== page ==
August 6, 2009

Pain Bodies in Yoga Class. [Whose “fault” is it?]

Pain Bodies in the Classroom. Whose Fault is it?

by Sarah Miller

I’ve taught more than a couple thousand yoga classes in the last five to six years. 99% of the time, there are no outstanding issues.99% of the time, there are no issues that could hinder you from being able to teach again—or make you question why you’re teaching in the first place. And while the job of a yoga instructor is complex—handling numerous, unique physiologies—the majority of one’s feedback is generally positive and life enhancing.

When a person functions from the level of pain body (which we all do at least occasionally) the blame game is more likely to occur. A person who doesn’t take responsibility for their actions—all of them—lets others know that they’ve been harmed, accosted or victimized in some way. This is classic pain body mentality. Normally you can spot it, and protect yourself. As an instructor, you may be dealing with a room full of pain bodies. Offering a class that nurtures, honors, uplifts, inspires and helps your students transcend this mental cycle is truly the challenge.

If a student tells you that they’ve injured themselves in your class—or you have injured them in a class, then obviously this is an opportunity of growth. For both of you. Can you learn from this? If so, what are the crucial lessons and insights you’ve gained as a teacher?

There are two examples so far in my experience that have had to make me think—one quite recent. In each of these examples I was blamed as the culprit—that I personally injured the individual somehow. There is a similarity here in the stories: pain bodies. I thought about all the modifications I’d given, all the props that we’d used, all the adjustments I’d made. And it wasn’t good enough. In fact I realized that for these situations, nothing was ever going to be good enough. The individuals wanted to be angry about the class, angry at me and angry that yoga “doesn’t work.”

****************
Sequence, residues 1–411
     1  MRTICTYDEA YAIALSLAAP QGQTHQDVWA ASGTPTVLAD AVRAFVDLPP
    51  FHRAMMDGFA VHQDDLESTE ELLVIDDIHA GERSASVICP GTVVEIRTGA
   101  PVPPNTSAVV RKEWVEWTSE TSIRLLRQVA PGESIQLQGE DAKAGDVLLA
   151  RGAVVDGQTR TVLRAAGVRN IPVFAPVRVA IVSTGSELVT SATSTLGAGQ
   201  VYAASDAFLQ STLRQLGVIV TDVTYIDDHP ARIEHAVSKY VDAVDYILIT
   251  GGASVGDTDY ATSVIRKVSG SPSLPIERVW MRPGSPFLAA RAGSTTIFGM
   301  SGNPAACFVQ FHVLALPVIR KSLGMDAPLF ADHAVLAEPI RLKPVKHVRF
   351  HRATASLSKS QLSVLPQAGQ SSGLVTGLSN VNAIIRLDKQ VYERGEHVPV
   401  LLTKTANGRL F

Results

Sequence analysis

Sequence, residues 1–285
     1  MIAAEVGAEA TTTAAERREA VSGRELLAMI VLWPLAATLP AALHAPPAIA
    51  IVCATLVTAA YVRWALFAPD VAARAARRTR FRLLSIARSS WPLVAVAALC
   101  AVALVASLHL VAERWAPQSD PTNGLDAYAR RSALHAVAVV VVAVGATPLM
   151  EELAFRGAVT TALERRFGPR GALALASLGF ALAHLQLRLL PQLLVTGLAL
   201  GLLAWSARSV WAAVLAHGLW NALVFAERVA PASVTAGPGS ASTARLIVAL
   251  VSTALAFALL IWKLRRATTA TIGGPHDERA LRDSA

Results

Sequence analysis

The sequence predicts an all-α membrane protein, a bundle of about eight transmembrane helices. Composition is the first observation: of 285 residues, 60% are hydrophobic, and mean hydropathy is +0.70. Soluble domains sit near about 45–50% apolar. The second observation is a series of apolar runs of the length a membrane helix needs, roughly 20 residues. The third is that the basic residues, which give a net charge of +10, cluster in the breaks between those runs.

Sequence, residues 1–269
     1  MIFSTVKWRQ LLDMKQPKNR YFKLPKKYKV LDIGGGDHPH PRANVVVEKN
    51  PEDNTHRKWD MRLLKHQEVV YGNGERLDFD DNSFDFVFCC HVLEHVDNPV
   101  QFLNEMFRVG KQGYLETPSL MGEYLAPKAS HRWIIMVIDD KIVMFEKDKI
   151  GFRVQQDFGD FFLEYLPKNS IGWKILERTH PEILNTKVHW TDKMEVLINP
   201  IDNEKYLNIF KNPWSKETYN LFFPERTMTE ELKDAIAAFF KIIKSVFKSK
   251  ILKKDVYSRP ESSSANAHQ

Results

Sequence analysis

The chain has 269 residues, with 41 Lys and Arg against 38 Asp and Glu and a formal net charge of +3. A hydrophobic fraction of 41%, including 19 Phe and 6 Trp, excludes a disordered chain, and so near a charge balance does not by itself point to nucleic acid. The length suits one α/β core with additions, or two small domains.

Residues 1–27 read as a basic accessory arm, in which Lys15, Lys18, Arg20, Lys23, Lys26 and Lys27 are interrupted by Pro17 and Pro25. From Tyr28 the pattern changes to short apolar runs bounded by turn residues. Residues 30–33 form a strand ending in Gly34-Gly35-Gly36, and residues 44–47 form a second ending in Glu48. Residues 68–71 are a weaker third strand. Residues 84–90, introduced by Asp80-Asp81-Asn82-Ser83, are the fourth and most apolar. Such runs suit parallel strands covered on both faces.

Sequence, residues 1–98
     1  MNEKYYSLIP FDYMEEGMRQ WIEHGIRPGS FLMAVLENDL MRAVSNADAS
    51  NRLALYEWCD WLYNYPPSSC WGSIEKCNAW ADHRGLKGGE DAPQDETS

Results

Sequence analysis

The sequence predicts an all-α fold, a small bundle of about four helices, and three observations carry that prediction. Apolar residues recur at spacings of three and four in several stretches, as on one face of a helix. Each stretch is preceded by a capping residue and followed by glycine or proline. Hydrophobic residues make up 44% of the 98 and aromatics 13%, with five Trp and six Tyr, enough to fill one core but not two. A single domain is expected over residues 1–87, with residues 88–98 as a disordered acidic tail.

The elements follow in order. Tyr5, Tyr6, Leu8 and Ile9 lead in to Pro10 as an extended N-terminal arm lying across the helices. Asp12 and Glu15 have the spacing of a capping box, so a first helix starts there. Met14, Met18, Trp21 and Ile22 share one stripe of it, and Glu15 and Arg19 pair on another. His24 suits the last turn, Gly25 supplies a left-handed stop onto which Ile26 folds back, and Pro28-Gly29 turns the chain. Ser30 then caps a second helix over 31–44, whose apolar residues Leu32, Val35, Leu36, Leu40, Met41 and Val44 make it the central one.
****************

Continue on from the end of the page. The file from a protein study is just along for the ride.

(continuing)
My question is:

How much responsibility lies with the teacher and how much in the students themselves?

At this point, I’ve decided that these experiences have helped me grow and offered me some excellent food for contemplation. I feel more confident about refusing certain students as well, which I think is something all teachers need to consider from time to time. Perhaps we’re just not a right fit for each other, and another instructor is what they need? Or perhaps they aren’t ready to start a yoga practice?

We all have to take responsibility for our actions. As an instructor, your job is to make sure all are safe and leave the class better than when they arrived. Then, at some point you have to surrender. You can’t do the asanas for the students. You can’t decide what their outcome will be.

You can only set a certain intention and strive to maintain that goal. Hopefully it will be a win/win situation.

*Photos courtesy of Jon Fife, Michele Fife and SevaYoga.

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